A major force behind the dominance of the Kia offense has been the unexpected emergence of their new center fielder Roger Bernadina, in his first season in the KBO. Just a season ago, Bernadina was toiling in the minor leagues, playing with the Las Vegas 51s, the New York Mets’ Triple-A affiliate.
The difference between the old Bernadina, a failed prospect who had played seven partial seasons in Major League Baseball, mostly with the Washington Nationals, and the current Bernadina, who hits leadoff for the Kia Tigers’ offensive juggernaut, is stark.
|Statistics received from STATIZ, Fangraphs.|
This of course begs the question: What’s changed? In less than a season, how has Roger Bernadina improved this much?
|Kia Tigers center fielder Roger Bernadina bats in a game against the Lotte Giants on July 23, 2017. (Yonhap)|
Bernadina also still profiles as the same type of hitter, hitting a majority of his batted balls on the ground, with a moderate preference to pull. He never displayed particularly drastic platoon splits, hitting roughly the same against lefties and righties, and this tendency is also unchanged. Though his batted ball characteristics would have made him a reasonable shift candidate, shifts were almost never employed against him in the MLB, so his increased numbers in the KBO are also not the result of the KBO’s relative lack of defensive shifts.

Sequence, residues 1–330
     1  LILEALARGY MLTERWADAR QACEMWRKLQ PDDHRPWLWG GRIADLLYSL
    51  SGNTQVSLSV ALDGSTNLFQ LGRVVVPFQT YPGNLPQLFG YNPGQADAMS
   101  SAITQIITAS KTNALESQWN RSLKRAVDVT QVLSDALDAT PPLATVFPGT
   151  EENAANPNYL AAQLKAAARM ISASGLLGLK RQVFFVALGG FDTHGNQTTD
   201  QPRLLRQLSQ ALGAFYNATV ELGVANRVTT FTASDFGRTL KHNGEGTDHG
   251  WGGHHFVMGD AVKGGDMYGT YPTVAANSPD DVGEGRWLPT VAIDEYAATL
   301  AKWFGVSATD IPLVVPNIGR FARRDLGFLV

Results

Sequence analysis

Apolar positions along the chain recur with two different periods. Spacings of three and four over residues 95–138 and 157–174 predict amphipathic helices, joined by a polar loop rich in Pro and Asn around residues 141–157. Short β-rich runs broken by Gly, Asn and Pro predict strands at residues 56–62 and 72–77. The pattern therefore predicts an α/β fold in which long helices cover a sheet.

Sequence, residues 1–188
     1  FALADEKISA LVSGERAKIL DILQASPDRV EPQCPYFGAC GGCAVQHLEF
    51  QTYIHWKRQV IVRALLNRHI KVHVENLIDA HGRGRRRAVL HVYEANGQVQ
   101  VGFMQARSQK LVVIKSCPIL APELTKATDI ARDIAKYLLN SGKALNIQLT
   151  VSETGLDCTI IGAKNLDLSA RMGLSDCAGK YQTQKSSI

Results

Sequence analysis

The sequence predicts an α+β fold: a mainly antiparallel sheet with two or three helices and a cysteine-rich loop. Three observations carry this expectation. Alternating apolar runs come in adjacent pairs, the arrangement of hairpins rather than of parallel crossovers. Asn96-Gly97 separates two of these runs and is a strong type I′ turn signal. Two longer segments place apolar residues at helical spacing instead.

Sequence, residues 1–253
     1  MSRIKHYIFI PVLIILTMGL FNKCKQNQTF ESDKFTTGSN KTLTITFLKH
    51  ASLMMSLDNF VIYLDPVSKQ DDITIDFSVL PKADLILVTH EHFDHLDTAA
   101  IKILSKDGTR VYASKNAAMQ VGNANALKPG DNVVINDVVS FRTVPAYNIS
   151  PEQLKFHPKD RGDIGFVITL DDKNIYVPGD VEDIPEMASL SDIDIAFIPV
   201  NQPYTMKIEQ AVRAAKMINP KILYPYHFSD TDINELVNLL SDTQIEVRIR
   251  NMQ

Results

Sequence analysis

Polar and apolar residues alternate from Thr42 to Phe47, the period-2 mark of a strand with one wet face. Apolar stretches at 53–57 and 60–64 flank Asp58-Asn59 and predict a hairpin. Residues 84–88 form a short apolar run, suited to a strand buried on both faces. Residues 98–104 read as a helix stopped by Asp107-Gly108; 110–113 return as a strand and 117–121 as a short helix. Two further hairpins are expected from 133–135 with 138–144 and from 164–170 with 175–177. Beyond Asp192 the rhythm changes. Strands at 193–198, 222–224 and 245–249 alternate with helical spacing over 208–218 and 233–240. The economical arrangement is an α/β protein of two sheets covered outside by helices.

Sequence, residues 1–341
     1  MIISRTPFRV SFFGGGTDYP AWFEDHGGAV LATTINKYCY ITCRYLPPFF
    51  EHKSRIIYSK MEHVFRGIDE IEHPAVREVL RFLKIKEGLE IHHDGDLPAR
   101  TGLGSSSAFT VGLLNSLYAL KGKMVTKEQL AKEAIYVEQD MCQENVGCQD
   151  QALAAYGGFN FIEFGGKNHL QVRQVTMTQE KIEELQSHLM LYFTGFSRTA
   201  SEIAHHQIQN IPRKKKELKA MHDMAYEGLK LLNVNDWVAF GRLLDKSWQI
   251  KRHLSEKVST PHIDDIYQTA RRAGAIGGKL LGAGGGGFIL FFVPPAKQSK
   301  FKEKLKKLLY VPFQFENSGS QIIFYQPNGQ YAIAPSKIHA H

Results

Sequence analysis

The biggest difference is the change in Bernadina’s batting average on balls in play. His current KBO BABIP is .346, a drastic increase from his career MLB BABIP of .288.
On one hand, Bernadina profiles as the type of hitter who might naturally run a higher BABIP. He runs well, having rated as a positive baserunner and base stealer in both his time in the MLB (59 steals, 83 percent success rate) and the KBO (21 steals, 81 percent success), and the fact that he is primarily a ground ball hitter should give him ample opportunity to take infield hits and run a higher BABIP.
However, his track record shows this to not be the case. BABIP is a statistic that takes a long time to stabilize, and as such his career average is more indicative of him as a player than his current 2017 outlier mark. With no other changes in his batted ball profile or batting approach, Bernadina’s increased BABIP, and by extension increased offensive production, is more likely the result of fortunate circumstances and luck than any real change in skill.
That being said, simply acknowledging that Bernadina has been lucky this season does not diminish his performance. Regardless of whether he is performing to his true-talent levels or not, he has been a productive member at the top of the Kia Tigers’ lineup and, perhaps even more interestingly, has hit better as the season has progressed.
By Alex Park / Intern reporter (email@example.com)